Monday, February 6, 2012

happythankyoumoreplease. A Review.

     happythankyoumoreplease was written and directed by Josh Radnor.  Josh Radnor is best knows as Ted from How I Met Your Mother. I bring this up because I suppose if you're the one person who enjoys Ted on HIMYM, you might enjoy Radnor's character in happythankyoumoreplease; he's basically Ted who says fuck and has a beard. (Yes, there was an episode of HIMYM where Ted had a beard. Not the point.) Radnor offers nothing new, in fact, I would say he offers much less.
     Studio descriptions of the movie call it "generational." It's about 20-somethings on the verge. I suppose every generation needs their 20-somethings on the verge movie. This ain't it. It's possible I'm just too outside the generation this movie is speaking to; perhaps I'm too much of an adult to relate to this rag-tag group of friends just trying to figure things out. I may not be the film's target audience. Except I'm only barely outside that generation so no, that can't be it.
     The main character, Sam (Radnor), is a writer. He's a writer because that's what Radnor knows and romanticizes. There seems no other great reason for this character to be a writer. He could have done anything else. Based on the fact that he is not homeless, he must be a successful writer, even though he spends a lot of time pondering his prospects as a novelist. Dear Sam, you're 29--nobody feels sorry for you.
     Very early in the film Sam becomes linked to, or saddled with, a child who got left on the subway. At one point the kid runs and Sam chases him and says "hey, can we stop running? I'm 29." Wakka wakka. Because 29 is old! People start dying at 29! It's all over at 29! Shut up, Josh Radnor.
    The film felt like Josh Radnor read Screenwriting for Dummies, watched a few episodes of his show, and then just went to work. Had this script been handed in by any other 29-year-old indy writer, it most likely would have been rejected. Even when the stakes got big, they were still small. Really bad things should have happened, but I suppose because Radnor is a white guy, nothing too terrible does.
     There are very few original lines of dialogue. How many times in real life do people actually ask each other "What are you afraid of?" It must be tons, because it keeps coming up. The cliched dialogue and situations were abundant. I was bored. I did not care what happened to any of the people on the screen. Within the first 5 minutes of the film I "got it." I could see where Radnor was trying to be funny, and trying to be cute, trying to be edgy, and trying to be original. Of course, when you can see where he's trying to do those things, it usually means he's failed at them. He sat down to write some quirky instead of something true that turned out to be quirky.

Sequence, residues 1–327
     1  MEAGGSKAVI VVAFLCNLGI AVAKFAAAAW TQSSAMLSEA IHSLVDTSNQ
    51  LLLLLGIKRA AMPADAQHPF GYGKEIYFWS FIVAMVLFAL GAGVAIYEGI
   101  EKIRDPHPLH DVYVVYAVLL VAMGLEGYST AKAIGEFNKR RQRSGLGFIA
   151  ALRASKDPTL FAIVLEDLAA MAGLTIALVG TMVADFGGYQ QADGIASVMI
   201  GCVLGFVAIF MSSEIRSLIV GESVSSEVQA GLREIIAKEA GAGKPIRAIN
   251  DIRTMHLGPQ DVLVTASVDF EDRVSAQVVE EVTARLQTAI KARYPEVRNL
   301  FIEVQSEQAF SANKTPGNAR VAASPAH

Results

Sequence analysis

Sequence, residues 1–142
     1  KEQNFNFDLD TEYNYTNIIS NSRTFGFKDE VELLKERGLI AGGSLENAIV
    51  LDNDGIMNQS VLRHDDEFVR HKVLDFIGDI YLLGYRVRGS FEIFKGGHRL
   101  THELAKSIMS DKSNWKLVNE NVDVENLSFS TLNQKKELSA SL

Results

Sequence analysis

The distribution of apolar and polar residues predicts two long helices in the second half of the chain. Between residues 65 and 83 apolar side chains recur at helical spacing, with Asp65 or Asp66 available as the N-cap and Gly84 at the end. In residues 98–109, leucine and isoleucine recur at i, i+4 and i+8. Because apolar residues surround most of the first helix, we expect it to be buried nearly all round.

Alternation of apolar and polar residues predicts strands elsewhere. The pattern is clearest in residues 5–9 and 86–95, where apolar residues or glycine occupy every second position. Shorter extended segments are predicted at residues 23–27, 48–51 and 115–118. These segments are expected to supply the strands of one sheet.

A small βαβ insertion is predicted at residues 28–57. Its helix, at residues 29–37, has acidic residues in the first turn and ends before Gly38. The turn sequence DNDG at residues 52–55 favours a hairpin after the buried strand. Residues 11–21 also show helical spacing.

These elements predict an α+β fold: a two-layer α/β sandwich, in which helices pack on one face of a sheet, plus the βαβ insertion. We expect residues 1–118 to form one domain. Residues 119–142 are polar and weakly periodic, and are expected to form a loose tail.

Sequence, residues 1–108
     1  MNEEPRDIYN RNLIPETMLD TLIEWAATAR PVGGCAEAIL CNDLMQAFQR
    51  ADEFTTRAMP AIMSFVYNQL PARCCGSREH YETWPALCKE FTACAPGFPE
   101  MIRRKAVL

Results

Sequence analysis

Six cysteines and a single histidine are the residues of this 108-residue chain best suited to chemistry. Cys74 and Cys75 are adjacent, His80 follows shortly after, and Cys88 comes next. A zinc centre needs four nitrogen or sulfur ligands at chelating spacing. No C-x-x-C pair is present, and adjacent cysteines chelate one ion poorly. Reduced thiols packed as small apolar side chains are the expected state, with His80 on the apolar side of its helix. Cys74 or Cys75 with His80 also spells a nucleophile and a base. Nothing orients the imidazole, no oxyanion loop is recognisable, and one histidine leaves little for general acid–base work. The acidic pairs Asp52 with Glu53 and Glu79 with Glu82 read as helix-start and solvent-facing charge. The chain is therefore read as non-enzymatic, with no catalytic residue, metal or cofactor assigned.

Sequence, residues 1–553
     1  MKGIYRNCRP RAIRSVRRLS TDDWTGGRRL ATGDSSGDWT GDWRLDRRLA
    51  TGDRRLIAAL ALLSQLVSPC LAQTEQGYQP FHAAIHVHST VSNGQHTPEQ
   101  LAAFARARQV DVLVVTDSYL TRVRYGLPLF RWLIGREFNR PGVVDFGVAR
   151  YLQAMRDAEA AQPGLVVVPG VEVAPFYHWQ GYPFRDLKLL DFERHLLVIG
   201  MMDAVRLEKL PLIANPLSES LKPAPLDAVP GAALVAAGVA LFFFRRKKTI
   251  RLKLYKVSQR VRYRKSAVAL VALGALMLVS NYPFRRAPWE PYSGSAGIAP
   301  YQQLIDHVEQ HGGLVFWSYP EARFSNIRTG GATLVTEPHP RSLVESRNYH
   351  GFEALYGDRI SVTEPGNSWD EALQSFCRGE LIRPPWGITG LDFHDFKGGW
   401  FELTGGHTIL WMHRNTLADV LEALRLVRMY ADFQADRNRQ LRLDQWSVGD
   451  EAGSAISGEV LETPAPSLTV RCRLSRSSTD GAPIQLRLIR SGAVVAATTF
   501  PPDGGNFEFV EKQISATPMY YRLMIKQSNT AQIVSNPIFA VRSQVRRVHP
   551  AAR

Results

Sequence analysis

Kate Mara is in it, and she's nice, but mostly I just wanted her to get out. Her character made bad decisions. Josh Radnor flatters himself believing women like Kate Mara would fall for indecisive ass-messes like him. Kate Mara's character was named Mississippi. Also dumb. Not quirky, just dumb.
     Also, I reject the premise that Tony Hale is an ugly man. That's just unfair and not true. Sure, he can make himself look goofy at times. And maybe he started kinda balding a little bit early. But of the cast you've assembled, he is not the ugly guy. I was very put off by the story line that involved Tony Hale's character as the ugly guy who eventually wins over Malin Akerman's bald heart with his words. Her description of suddenly seeing him as an attractive man were more insulting that enlightened. He is an attractive man, you're just a shallow bitch. This may be another area where I'm too old to understand the new definition of attractive, though.
     The tag line for happythankyoumoreplease is "Go Get Yourself Loved." That's dumb. I was going to put a picture of it at the top of the post, but I didn't want it mistaken for an endorsement. I do not endorse this film. happythankyoumoreplease was Josh Radnor's masturbatory pet project. It was boring and predictable.

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